Heartbreak for the African underdogs
I find African football fascinating. I’m by no means an expert in the field but I take a keen interest in the Africa Cup of Nations and the CAF World Cup qualifying tournaments. It’s a wonderful continent for football, as while there are the established giants of African football – the likes of Cameroon, Nigeria, Egypt, Ghana and the Ivory Coast – there are also many nations without a history of success in football who in recent years have been punching above their weight.
The 2012 Africa Cup of Nations was especially significant as it saw three nations make their debuts in the tournament, which has been running since 1957 – Niger, Botswana and co-hosts Equatorial Guinea (ranked 151st in the world) – while Libya and Sudan made rare appearances. This was at the expense of some of the bigger names in African football – South Africa failed to build on their impressive World Cup performance as they were eliminated in confusing fashion (to the point where they thought they had qualified and had started the celebrations), while Nigeria, Cameroon and reigning champions Egypt also failed to make it.
After a tournament packed with the requisite African level of surprises, Ivory Coast faced underdogs Zambia in a dramatic final. It was a particularly poignant moment for Zambia, as the final was in Libreville close the site of the infamous plane crash in 1993 that claimed the lives of most of their international squad. Somehow, it seemed the will of the fallen stars was with them that night as they held out for a 0-0 draw in the 120 minutes of playing time, and a crucial miss in the penalty shootout from Arsenal’s Gervinho gave them an emotional first Africa Cup of Nations victory.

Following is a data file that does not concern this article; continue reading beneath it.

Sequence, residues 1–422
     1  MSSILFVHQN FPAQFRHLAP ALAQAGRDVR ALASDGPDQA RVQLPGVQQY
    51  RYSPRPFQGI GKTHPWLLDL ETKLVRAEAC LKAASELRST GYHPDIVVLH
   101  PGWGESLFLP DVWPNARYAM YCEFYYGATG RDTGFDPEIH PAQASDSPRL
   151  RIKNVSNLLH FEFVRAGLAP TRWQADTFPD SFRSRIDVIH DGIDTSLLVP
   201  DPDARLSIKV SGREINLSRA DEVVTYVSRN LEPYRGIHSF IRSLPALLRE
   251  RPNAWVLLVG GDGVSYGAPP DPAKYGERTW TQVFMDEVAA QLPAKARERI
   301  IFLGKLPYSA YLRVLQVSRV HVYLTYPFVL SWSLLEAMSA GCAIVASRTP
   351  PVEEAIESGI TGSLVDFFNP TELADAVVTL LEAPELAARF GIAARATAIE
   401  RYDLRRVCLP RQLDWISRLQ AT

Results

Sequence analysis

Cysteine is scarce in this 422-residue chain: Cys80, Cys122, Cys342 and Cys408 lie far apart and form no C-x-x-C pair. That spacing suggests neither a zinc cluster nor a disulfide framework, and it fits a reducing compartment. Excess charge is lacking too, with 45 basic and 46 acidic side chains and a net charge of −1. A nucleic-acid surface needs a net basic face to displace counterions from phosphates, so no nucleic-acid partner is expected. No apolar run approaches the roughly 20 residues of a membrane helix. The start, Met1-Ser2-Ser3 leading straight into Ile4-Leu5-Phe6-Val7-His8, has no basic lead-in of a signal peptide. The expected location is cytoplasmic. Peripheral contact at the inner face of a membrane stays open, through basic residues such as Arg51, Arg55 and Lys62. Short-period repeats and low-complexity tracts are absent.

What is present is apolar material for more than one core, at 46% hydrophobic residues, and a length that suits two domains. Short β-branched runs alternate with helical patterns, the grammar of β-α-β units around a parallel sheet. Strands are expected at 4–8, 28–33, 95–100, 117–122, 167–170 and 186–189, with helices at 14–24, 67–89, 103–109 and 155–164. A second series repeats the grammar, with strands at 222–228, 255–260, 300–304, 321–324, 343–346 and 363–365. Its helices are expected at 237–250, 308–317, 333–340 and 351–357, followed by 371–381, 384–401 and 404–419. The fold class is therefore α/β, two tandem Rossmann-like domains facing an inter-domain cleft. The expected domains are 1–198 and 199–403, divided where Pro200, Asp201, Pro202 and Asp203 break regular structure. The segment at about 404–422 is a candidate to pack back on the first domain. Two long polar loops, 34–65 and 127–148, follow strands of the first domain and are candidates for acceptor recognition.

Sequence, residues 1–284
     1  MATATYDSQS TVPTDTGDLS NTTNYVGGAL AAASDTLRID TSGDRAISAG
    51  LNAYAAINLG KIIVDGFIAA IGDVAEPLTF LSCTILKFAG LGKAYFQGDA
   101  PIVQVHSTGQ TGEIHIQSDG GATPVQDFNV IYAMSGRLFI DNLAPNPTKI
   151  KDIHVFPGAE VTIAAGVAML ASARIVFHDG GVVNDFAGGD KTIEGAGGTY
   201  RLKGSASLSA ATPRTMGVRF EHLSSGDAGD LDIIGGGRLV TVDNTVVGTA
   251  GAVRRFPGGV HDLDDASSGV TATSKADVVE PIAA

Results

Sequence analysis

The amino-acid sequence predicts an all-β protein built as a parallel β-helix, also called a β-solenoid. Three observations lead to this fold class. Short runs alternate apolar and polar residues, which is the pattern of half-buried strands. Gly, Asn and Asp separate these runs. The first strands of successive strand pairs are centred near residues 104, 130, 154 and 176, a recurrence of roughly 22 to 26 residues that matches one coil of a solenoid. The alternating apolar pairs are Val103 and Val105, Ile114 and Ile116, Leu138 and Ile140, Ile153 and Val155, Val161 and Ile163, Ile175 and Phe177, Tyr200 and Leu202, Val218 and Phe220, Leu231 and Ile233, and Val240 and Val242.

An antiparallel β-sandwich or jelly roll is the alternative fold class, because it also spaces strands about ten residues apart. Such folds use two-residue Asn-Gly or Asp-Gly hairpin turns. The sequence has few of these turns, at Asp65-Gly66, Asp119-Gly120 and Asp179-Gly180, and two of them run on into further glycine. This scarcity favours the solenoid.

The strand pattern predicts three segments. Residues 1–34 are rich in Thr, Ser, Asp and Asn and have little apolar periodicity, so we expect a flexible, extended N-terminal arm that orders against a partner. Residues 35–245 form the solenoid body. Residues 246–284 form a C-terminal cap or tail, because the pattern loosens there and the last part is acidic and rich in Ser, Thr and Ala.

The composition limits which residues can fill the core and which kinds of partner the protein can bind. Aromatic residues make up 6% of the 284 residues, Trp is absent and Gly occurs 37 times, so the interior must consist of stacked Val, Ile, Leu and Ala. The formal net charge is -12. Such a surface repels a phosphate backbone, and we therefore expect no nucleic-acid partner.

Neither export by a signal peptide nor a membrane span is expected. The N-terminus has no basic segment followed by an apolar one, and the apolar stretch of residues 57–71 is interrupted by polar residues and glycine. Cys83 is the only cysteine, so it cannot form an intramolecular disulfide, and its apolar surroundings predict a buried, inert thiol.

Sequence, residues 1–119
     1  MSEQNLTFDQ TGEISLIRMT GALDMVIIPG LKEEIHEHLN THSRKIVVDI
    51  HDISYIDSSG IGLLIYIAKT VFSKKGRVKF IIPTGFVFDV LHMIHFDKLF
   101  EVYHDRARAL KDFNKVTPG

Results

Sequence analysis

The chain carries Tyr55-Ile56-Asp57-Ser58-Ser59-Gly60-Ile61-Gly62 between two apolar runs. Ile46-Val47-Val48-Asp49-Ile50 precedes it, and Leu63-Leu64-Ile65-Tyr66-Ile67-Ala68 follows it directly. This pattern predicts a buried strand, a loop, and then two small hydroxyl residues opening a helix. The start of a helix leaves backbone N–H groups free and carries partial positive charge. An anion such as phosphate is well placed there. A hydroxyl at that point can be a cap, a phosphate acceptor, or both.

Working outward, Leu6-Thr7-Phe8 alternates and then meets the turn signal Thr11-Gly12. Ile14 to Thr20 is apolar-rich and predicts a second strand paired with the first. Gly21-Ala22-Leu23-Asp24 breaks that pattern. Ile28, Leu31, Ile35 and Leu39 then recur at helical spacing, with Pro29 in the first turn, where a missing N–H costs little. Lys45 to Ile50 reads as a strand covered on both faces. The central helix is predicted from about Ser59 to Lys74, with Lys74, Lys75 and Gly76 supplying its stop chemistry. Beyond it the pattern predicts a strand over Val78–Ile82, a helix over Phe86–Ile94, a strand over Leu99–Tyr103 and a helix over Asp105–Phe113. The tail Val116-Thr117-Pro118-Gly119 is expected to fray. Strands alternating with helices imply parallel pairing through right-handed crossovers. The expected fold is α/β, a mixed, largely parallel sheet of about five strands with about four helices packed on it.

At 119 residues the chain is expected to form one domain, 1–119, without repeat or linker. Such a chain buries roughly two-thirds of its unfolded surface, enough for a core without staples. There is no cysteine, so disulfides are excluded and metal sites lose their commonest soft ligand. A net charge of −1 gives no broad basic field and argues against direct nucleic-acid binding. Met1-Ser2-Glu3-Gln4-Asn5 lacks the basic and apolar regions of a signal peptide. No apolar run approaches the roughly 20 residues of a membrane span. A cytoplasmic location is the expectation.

So after all that drama, the 2013 tournament in South Africa, the first in an odd year to avoid clashing with future World Cups, would have to go a long way to match arguably the greatest tournament in the cup’s history. But the qualifying tournament looked to be going much the same way, with many unfancied contenders on the verge of qualifying before this weekend’s final matches, the places at the tournament being decided in this final round by 15 two-legged ties.
Particularly worthy of note was Cape Verde’s 2-0 win over Cameroon in the first leg. The Blue Sharks have risen through the rankings of late but this was still a major shock due to Cameroon’s status as a leading force in African football, even with the cloud of Samuel Eto’o’s dispute with the FCF hanging over the Indomitable Lions. Elsewhere, regular qualifiers Morocco found themselves 2-0 to Mozambique, who have only previously qualified for 4 AfCONs, while another frequent qualifier, Burkina Faso, sat 1-0 down to the team of one of the poorest countries in the world, the Central African Republic. The Wild Beasts were as low as 202nd in the rankings as recently as March 2010, but have shot up during this tournament, particularly after knocking Egypt out in the previous round. They are now ranked 49th, a gain of 143 places in 19 months.